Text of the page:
gdbint.info: Host Definition

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Host Definition

With the advent of Autoconf, it's rarely necessary to have host
definition machinery anymore.  The following information is provided,
mainly, as an historical reference.

Adding a New Host

GDB's host configuration support normally happens via Autoconf.  New
host-specific definitions should not be needed.  Older hosts GDB still
use the host-specific definitions and files listed below, but these
mostly exist for historical reasons, and will eventually disappear.
`gdb/config/ARCH/XYZ.mh'
     This file once contained both host and native configuration
     information (*note Native Debugging::) for the machine XYZ.  The
     host configuration information is now handed by Autoconf.
     Host configuration information included a definition of
     `XM_FILE=xm-XYZ.h' and possibly definitions for `CC',
     `SYSV_DEFINE', `XM_CFLAGS', `XM_ADD_FILES', `XM_CLIBS',
     `XM_CDEPS', etc.; see `Makefile.in'.
     New host only configurations do not need this file.
`gdb/config/ARCH/xm-XYZ.h'
     This file once contained definitions and includes required when
     hosting gdb on machine XYZ.  Those definitions and includes are now
     handled by Autoconf.
     New host and native configurations do not need this file.
     _Maintainer's note: Some hosts continue to use the `xm-xyz.h' file
     to define the macros HOST_FLOAT_FORMAT, HOST_DOUBLE_FORMAT and
     HOST_LONG_DOUBLE_FORMAT.  That code also needs to be replaced with
     either an Autoconf or run-time test._

Generic Host Support Files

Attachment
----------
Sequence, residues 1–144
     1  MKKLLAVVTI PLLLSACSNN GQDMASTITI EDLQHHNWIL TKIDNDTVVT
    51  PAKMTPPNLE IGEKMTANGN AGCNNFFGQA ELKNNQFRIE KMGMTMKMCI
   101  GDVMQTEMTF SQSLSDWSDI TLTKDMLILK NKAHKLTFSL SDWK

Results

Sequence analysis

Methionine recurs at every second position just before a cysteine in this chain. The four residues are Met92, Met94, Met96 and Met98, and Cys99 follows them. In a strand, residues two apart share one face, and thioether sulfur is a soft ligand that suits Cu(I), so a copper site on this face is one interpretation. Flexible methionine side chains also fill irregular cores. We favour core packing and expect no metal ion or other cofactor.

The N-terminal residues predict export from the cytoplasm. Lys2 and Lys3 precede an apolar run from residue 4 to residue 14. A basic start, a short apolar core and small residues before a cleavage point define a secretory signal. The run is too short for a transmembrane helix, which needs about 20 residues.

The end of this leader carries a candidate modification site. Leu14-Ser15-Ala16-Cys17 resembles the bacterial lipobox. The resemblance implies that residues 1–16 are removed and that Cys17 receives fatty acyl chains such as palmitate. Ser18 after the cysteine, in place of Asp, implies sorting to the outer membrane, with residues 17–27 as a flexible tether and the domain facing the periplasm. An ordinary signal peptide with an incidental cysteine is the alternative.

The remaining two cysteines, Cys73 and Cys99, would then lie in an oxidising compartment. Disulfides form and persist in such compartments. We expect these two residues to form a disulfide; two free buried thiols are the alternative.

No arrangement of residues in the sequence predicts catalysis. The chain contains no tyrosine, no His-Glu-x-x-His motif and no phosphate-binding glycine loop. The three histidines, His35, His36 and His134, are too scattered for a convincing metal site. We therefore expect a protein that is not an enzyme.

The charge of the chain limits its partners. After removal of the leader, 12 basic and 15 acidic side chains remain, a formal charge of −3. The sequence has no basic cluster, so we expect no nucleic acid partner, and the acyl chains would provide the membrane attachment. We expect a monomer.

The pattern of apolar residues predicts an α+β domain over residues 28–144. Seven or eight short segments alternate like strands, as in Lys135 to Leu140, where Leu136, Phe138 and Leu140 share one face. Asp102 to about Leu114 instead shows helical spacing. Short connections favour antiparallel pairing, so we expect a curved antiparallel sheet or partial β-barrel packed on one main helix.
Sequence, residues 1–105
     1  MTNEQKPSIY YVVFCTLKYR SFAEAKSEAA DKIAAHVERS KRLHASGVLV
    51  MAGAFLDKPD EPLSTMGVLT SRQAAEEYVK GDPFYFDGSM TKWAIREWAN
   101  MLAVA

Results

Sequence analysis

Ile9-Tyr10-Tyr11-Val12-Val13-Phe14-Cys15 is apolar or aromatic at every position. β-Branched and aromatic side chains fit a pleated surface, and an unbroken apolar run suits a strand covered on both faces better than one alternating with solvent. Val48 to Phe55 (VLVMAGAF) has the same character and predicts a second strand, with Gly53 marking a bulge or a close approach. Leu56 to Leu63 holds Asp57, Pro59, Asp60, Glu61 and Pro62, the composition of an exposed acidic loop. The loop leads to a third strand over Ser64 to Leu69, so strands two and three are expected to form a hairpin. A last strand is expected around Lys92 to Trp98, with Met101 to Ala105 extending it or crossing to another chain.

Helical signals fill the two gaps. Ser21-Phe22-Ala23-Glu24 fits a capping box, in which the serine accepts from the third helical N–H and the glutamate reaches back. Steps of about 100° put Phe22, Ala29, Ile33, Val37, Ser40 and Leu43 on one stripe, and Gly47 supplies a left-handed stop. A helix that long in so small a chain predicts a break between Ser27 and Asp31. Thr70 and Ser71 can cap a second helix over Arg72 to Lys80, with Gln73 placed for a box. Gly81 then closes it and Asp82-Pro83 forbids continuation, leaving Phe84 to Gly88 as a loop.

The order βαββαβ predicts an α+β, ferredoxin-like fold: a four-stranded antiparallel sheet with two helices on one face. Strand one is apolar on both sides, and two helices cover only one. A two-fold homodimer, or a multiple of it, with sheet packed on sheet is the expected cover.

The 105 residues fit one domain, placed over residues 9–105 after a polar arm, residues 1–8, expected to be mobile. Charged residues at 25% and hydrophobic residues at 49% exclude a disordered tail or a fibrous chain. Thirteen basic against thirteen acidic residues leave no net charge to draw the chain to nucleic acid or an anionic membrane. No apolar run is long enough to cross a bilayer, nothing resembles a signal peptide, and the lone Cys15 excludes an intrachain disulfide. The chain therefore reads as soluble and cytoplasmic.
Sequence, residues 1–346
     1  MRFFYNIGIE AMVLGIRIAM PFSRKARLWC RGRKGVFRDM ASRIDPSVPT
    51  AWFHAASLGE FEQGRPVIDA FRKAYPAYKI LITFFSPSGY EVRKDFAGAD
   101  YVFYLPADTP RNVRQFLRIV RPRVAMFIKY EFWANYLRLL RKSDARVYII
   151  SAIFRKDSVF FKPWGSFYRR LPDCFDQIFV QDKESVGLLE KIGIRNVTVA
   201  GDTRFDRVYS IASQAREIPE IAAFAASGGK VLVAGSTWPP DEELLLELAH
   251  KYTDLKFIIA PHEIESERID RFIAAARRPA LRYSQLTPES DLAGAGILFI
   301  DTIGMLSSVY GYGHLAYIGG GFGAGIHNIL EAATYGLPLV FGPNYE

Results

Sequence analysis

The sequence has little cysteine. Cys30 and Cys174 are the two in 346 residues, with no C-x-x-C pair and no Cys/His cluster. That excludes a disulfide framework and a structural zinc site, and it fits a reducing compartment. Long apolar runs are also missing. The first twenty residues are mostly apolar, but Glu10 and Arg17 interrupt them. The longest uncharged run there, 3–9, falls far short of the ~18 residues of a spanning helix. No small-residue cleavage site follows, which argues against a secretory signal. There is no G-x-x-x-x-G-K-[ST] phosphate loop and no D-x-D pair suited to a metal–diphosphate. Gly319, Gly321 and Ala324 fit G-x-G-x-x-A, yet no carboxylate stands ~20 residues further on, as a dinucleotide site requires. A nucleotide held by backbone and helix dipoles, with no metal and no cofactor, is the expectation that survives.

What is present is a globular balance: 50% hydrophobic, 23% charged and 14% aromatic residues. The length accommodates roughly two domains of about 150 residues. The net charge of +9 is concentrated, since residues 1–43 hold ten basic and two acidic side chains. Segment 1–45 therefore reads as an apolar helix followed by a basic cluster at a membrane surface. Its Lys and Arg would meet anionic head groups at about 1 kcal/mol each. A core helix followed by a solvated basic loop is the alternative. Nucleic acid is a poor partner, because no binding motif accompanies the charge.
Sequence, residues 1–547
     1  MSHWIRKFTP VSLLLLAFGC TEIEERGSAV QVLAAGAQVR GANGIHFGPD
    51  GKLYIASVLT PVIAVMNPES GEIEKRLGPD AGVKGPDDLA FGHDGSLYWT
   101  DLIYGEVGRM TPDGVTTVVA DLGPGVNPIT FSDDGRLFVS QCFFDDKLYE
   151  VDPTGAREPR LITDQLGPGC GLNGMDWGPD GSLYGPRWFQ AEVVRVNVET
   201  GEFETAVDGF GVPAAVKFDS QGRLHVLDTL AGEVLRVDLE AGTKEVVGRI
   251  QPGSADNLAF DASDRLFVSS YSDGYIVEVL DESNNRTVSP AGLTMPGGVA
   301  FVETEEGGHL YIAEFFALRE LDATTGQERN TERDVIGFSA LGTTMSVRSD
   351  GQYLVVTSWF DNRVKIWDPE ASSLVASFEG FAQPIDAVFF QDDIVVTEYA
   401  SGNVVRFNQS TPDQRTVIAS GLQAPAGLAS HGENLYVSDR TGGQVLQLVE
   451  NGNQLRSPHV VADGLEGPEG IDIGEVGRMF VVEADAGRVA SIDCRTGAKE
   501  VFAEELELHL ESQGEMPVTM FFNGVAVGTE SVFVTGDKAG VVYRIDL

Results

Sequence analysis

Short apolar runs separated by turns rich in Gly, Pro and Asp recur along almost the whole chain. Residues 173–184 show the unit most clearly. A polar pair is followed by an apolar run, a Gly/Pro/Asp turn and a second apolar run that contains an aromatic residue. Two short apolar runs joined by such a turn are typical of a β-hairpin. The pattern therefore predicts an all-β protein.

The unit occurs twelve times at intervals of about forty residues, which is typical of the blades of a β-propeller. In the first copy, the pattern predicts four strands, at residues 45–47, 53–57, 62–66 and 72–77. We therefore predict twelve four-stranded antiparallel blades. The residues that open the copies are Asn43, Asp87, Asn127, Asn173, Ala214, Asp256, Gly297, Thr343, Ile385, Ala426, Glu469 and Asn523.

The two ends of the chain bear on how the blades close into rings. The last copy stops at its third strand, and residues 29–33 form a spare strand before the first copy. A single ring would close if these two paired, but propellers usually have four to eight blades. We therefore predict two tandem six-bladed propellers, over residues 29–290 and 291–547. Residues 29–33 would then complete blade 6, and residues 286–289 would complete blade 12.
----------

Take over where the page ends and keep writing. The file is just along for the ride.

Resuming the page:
There are some "generic" versions of routines that can be used by
various systems.  These can be customized in various ways by macros
defined in your `xm-XYZ.h' file.  If these routines work for the XYZ
host, you can just include the generic file's name (with `.o', not
`.c') in `XDEPFILES'.
   Otherwise, if your machine needs custom support routines, you will
need to write routines that perform the same functions as the generic
file.  Put them into `XYZ-xdep.c', and put `XYZ-xdep.o' into
`XDEPFILES'.
`ser-unix.c'
     This contains serial line support for Unix systems.  This is always
     included, via the makefile variable `SER_HARDWIRE'; override this
     variable in the `.mh' file to avoid it.
`ser-go32.c'
     This contains serial line support for 32-bit programs running
     under DOS, using the DJGPP (a.k.a. GO32) execution environment.
`ser-tcp.c'
     This contains generic TCP support using sockets.

Host Conditionals

When GDB is configured and compiled, various macros are defined or left
undefined, to control compilation based on the attributes of the host
system.  These macros and their meanings (or if the meaning is not
documented here, then one of the source files where they are used is
indicated) are:
`GDBINIT_FILENAME'
     The default name of GDB's initialization file (normally
     `.gdbinit').
`NO_STD_REGS'
     This macro is deprecated.
`NO_SYS_FILE'
     Define this if your system does not have a `<sys/file.h>'.
`SIGWINCH_HANDLER'
     If your host defines `SIGWINCH', you can define this to be the name
     of a function to be called if `SIGWINCH' is received.
`SIGWINCH_HANDLER_BODY'
     Define this to expand into code that will define the function
     named by the expansion of `SIGWINCH_HANDLER'.
`ALIGN_STACK_ON_STARTUP'
     Define this if your system is of a sort that will crash in
     `tgetent' if the stack happens not to be longword-aligned when
     `main' is called.  This is a rare situation, but is known to occur
     on several different types of systems.
`CRLF_SOURCE_FILES'
     Define this if host files use `\r\n' rather than `\n' as a line
     terminator.  This will cause source file listings to omit `\r'
     characters when printing and it will allow `\r\n' line endings of